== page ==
Shirts vs. Skins

This feels like part 2 of my previous post. No sooner did I press “publish” on that entry then English soccer suddenly became all about racism.

Earlier in the week several England U-21s were subjected to racist chants from Serbian fans and the team was attacked by Serbian players and staff as they entered the tunnel following the game. The English FA are considering boycotting future matches in Serbia, and both teams are being hauled up for a review of the game at a UEFA meeting in late November.

Then, back in England, Jason Roberts of Reading announced that he was refusing to wear the “Kick It Out” campaign’s t-shirts during warm-up for the match vs. Liverpool this weekend. In refusing to wear the shirt Roberts is protesting what he has seen as a lack of action by the organization. Said Roberts, “I find it hard to wear a t-shirt after what has happened in the last year.” By that he was referring to the Luis Suarez/Patrice Evra incident (where Suarez was banned for 8 games for his racist remarks), and the John Terry/Anton Ferdinand incident (with public trial and 4 game ban for Terry’s remarks). Even the FA’s handling of the two incidents has come under fire with Suarez getting double the games that Terry got, and Terry still being selected to the England team for Euro 2012, while Anton’s brother Rio was dropped from the team (and then England manager Roy Hodgson decided to explain to some random people in a subway that Rio Ferdinand was done with the English squad).

Many other people involved with the game were very supportive of Roberts’ decision not to wear the t-shirt (including his manager; the rest of his team; Swansea and Swansea’s opponents, Wigan Athletic), but not King Alex of Manchester (I mean Sir Alex!). Sir Alex decided that Roberts stand was ridiculous, because Sir Alex as a rich, white, knight and living football legend surely must have a better understanding of racism in the sport than Jason Roberts (Jason Roberts is a MBE, two ranks lower than Sir Alex – so not a Sir). Sir Alex thinks that not wearing the shirt, “sends out the wrong message.” The message that Sir Alex wants to be out there is that the league and all the players are doing their best to get racism out of the game. What he fails to understand is that Roberts is making a very different, but equally important statement. Roberts is quite clearly unhappy with the progress that the FA and Kick It Out are making at getting racism out of the game. Roberts by not wearing the shirt is quite clearly taking a stand against racism, and against the lip service payed by the FA to the issue of racism in the game. By virtue of his skin colour and the country that he plays in, he takes a stand against racism in football every time he steps on the field. By not wearing the shirt he has called far more attention to the issue in the league than he ever could have by simply toeing the line.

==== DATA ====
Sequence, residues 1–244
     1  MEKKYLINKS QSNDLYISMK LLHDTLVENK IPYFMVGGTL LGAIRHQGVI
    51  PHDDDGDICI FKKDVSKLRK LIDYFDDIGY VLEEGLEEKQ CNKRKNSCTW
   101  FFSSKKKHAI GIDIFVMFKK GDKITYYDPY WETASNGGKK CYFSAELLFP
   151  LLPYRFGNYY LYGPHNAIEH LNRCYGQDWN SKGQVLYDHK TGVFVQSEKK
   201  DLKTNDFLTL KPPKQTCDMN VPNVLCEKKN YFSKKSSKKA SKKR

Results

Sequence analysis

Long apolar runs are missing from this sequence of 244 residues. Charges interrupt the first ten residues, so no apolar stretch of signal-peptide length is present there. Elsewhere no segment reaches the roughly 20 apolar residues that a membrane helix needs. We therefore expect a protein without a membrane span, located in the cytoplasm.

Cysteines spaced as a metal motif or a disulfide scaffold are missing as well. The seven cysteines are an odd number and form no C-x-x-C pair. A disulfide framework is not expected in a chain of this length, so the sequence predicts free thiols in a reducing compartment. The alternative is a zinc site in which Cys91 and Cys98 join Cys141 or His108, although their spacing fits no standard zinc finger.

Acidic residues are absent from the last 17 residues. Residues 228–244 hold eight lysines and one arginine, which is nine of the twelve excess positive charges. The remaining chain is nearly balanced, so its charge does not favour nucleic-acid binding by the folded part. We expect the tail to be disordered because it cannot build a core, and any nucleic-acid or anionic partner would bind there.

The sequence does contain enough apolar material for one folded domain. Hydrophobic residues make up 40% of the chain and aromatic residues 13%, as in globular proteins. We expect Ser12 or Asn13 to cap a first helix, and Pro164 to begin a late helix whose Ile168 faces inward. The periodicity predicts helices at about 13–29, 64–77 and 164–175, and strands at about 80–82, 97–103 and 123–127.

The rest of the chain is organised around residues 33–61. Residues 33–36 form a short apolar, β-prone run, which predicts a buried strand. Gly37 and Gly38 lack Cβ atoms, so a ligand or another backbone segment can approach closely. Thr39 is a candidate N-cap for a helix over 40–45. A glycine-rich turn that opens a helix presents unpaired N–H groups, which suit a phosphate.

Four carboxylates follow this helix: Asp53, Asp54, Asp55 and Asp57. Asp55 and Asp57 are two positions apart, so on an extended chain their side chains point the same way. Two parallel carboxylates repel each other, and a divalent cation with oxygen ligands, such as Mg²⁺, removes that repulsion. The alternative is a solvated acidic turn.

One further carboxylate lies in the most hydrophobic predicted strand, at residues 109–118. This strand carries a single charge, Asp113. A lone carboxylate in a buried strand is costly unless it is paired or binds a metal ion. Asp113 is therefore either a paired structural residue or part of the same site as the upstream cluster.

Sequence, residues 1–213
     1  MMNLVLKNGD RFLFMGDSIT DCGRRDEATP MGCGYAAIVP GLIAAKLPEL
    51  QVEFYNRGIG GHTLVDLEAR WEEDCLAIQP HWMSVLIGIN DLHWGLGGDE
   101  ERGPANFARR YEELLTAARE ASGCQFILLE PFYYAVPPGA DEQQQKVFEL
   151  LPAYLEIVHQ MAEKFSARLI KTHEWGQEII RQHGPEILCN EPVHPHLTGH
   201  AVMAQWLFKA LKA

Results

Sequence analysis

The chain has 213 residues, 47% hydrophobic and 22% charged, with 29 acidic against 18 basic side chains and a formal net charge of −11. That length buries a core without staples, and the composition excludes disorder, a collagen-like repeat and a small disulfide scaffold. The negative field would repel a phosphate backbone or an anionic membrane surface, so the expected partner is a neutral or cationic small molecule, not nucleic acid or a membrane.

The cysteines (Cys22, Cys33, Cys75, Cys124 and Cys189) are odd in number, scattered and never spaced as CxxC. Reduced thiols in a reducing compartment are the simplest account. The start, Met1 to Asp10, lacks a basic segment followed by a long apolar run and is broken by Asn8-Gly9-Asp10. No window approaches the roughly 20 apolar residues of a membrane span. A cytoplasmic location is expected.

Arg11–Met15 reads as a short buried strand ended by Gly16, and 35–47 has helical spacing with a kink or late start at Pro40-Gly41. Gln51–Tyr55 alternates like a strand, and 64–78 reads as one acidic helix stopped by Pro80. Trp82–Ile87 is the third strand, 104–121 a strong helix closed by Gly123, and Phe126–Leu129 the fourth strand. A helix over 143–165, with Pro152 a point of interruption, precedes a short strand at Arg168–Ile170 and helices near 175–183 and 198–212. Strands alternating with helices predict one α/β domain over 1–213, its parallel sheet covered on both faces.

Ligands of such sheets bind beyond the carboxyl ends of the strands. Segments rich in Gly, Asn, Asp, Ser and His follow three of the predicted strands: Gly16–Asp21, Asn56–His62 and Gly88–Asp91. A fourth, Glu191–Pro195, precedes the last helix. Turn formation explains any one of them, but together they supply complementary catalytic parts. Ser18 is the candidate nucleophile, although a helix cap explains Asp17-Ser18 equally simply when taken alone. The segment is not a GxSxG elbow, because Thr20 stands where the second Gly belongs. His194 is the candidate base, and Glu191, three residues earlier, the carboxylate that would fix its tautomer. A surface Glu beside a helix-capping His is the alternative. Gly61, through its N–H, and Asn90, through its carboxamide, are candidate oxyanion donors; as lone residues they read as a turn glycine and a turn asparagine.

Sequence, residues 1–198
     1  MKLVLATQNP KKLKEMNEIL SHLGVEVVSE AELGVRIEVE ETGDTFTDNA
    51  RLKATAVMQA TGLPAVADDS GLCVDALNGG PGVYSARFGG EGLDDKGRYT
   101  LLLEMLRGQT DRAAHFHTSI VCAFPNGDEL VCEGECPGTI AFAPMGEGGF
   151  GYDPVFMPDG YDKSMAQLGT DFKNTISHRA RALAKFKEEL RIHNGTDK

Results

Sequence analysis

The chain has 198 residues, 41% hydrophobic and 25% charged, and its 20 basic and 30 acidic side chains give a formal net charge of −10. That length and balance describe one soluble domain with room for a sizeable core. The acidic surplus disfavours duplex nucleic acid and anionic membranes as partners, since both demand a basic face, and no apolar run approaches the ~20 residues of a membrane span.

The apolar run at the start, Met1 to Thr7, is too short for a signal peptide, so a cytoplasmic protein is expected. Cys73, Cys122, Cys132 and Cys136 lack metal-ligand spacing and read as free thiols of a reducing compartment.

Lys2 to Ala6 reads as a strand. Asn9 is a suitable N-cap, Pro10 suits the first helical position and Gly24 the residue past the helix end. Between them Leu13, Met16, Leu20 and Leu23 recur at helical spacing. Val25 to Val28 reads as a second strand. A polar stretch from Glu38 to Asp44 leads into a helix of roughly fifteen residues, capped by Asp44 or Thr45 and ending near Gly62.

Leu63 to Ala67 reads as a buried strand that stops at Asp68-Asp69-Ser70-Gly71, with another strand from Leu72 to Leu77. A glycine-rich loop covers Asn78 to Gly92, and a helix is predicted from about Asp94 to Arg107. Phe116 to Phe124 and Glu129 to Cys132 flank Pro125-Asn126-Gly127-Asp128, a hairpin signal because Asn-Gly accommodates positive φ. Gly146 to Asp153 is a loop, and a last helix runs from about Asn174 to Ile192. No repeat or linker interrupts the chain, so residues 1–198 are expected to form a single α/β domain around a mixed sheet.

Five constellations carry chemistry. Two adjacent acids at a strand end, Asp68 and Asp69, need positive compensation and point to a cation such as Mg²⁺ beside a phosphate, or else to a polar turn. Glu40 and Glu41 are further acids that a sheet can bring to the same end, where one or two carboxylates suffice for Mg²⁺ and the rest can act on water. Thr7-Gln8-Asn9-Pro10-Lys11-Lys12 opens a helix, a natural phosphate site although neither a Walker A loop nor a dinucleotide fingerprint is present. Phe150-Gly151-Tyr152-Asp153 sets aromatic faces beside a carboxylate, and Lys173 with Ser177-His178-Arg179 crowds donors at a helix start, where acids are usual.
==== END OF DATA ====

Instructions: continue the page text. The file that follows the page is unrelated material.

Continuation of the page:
Of course this then would have all died down after Sir Alex’s press conference and Roberts walking onto the field without the t-shirt. However, having put himself out there over how important it was to wear the shirt and insisting that his team would all be wearing them; Man U defender Rio Ferdinand then walks out on Saturday without the shirt on. The furious Sir Alex then said that he was disappointed that Ferdinand let the team down and, “would be dealt with.”

Ahh yes, make an example of a black player on a team by punishing him for not taking part in an anti-racism campaign, especially when that player’s brother was the one who was racially abused by the then captain of the England team. As much as I think Rio Ferdinand was a bit dense for not warning Sir Alex ahead of time that he didn’t plan to wear the t-shirt, if there is anyone in that league (besides his brother Anton, or his teammate Patrice Evra) who probably had good reasons for not wearing that t-shirt it was Rio. The optics of Man U punishing Rio for this would look about as good as the FA giving a four game suspension to a celebrated English player for essentially the same thing that they gave a Uruguayan player a 8 game ban. Oh. Never mind.

Advertisements

Leave a Reply

Fill in your details below or click an icon to log in:

WordPress.com Logo

You are commenting using your WordPress.com account. Log Out / Change )

Twitter picture

You are commenting using your Twitter account. Log Out / Change )

Facebook photo

You are commenting using your Facebook account. Log Out / Change )

Google+ photo

You are commenting using your Google+ account. Log Out / Change )

Connecting to %s